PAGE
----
The official student news site of Athens Drive High School


The official student news site of Athens Drive High School


The official student news site of Athens Drive High School


Courtesy of Ava Seay
Senior Spotlight: Ava Seay
Brady Jones, Assistant News Editor • June 4, 2024

As the school year fades to an end, many graduates are leaving the Athens Drive community to begin searching for their passions. While some...

Brady Jones has an on-stage-cameo as security guard in production called I Hate Shakespeare. Photo provided by Lauryn Webb
Senior spotlight: Brady Jones
Taylor Malloy, Editor in Chief • June 4, 2024

Athens Drive High School watches many of its students arrive as freshmen and leave as seniors. Some of these seniors stand out as being leaders,...

Jayvon Coleman at Athens Drive
Senior Spotlight: Jayvon Coleman
Sama Yousef, Staff Writer • June 4, 2024

Throughout high school, students achieve and extend themselves thoroughly; Senior Jayvon Coleman has pushed himself to perform excellence throughout...

Rachel Huffman, a cheerful senior at a companions home having a fun time with friends and her digital camera, at a get together.
Senior Spotlight: Rachel Huffman
Deevani Rodriguez, Features Copy Editor • June 4, 2024

Out of the graduating class of 2024, Senior Rachel Huffman has strived to do her best at leading and achieving greatness at Athens Drive Magnet...

The Drive Inquiry Clubs website is pictured. Dylan Ducatte dedicated a lot of her time while at Athens to the club.
Senior Spotlight: Dylan Ducatte
Sophie King, Assistant Editor • June 4, 2024

A true historian, senior Dylan Ducatte has spent her time at Athens fully engaged in all the school's social studies classes. Throughout her...

Skylar Moore at graduation rehearsal with fellow students.
Senior Spotlight: Skylar Moore
Rowan Bissett, Assistant Sports Editor • June 4, 2024

June 8, 2024, Athens seniors will walk the stage, take their diplomas, and finally finish high school. One of those Seniors is Skylar Moore,...

Meet the Staff
Nora Richards
Nora Richards
Assistant Editor

Nora Richards is a junior here at Athens Drive. This is her third year being a part of Athens Oracle. She enjoys swimming, making jewelry, and hanging out with friends.

James Crumpler
James Crumpler
Photography Editor

James Crumpler (Far right) is a senior at Athens Drive and is in his second semester writing for the Athens Oracle. He likes eating Korean barbecue with his friends, playing games, and cooking. His favorite...

Brady Jones
Brady Jones
Assistant News Editor

Brady Jones is a Senior at Athens Drive and is in his second semester with the Athens Oracle. After school, he is an involved member of the Athens Drive theatre department, handling the technical components...

What causes school fights?


While school fights have become more normalized, the cause isn’t discussed. Approximately 46% of high schools have school fights and violence in the United States, according to WRAL. So what’s the reason students fight? There are a lot of factors that go into why students are constantly getting into fights. Exposure to violence, home life and mental health issues are just a few of the causes that could lead students to choose violence in schools.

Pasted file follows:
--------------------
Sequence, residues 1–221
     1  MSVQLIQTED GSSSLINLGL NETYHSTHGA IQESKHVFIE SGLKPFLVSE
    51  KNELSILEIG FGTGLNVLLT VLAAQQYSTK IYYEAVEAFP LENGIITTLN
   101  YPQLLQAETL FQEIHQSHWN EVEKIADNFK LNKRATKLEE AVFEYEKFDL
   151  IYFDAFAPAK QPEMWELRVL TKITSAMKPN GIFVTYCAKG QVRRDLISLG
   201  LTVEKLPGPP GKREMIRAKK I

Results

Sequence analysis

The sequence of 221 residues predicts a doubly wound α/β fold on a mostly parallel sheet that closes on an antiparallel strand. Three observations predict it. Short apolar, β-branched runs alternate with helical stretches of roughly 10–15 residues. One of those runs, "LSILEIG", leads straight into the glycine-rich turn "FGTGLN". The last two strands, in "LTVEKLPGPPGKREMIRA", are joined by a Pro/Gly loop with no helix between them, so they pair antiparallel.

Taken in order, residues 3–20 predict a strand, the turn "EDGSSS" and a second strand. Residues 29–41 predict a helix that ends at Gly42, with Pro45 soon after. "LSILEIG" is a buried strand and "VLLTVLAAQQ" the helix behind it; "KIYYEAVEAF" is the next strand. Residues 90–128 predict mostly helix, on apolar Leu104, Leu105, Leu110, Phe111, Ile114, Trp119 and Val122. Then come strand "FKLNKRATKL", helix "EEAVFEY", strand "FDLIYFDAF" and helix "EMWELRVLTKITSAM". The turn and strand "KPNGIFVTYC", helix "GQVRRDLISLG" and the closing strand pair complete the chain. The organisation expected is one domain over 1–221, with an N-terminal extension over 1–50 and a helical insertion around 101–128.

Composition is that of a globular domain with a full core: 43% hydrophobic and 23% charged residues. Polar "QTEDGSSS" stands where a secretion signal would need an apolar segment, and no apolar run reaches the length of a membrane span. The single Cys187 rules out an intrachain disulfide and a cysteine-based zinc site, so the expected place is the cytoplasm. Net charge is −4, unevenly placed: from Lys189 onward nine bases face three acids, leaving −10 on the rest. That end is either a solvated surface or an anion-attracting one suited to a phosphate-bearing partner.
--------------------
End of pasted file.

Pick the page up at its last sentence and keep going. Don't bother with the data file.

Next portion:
“The main issue is conflict resolution, your ability to communicate often comes from their home life, if they see certain behavior at home they may mimic,” said Coach Ray, ISS teacher.

Someone’s ability to communicate and solve disagreements is a direct result of their home life. Home life is a common reason to fight, someone’s home life may be toxic and students may take that toxicity to school. Parents and elders at home behaving in a certain way could be mimicked by youth. Poor parenting plays a big part in this, if parents are solving disagreements by using physical or emotional violence, students won’t know any other way to solve their disagreements at school.

“I felt like I had to so people could know my true worth. I searched for adrenaline because it distracted me from all the other stuff going on in my life,” said an Anonymous student.

16% of students throughout the U.S. suffer from depression, and when dealing with depression, impulsive behavior is very common. Other symptoms such as irritability, outbursts, and frustration. More than one-third of students in the United States have anxiety, according to the NIH, anxiety has very similar symptoms to depression which include excessive aggression and violence. When the brain is in constant fight or flight mode, bad decisions can be made, like fighting.

“Fighting and violence is derived from home life, like minded people hang with each other. The skippers hang out with the skippers, the fighters hang out with the fighters, you have to remove yourself from the environment that causes these bad decisions,” said Donti Coats, assistant principal. 

With the technology that is now developed, kids will be exposed to violence at a younger age. What does that mean for their behavioral problems in the future? When exposed to violence at a young age people begin to imitate these actions, Michigan State University reported in 2015 that observational learning is very common in children. By observation bad habits can be picked up, this can mean a movie or video game showing violence.

Talking to an adult or even a friend before making a decision that could hurt you and others could help save you trouble in the future. stop and think whether this choice will benefit you. If you or someone you know is having home problems, mental health problems, or issues with violence, help them reach out for help.

Places that offer help:

Hopeline of North Carolina Teen Talk Line: (919) 231-3626

ReachOut (800 448-3000) 

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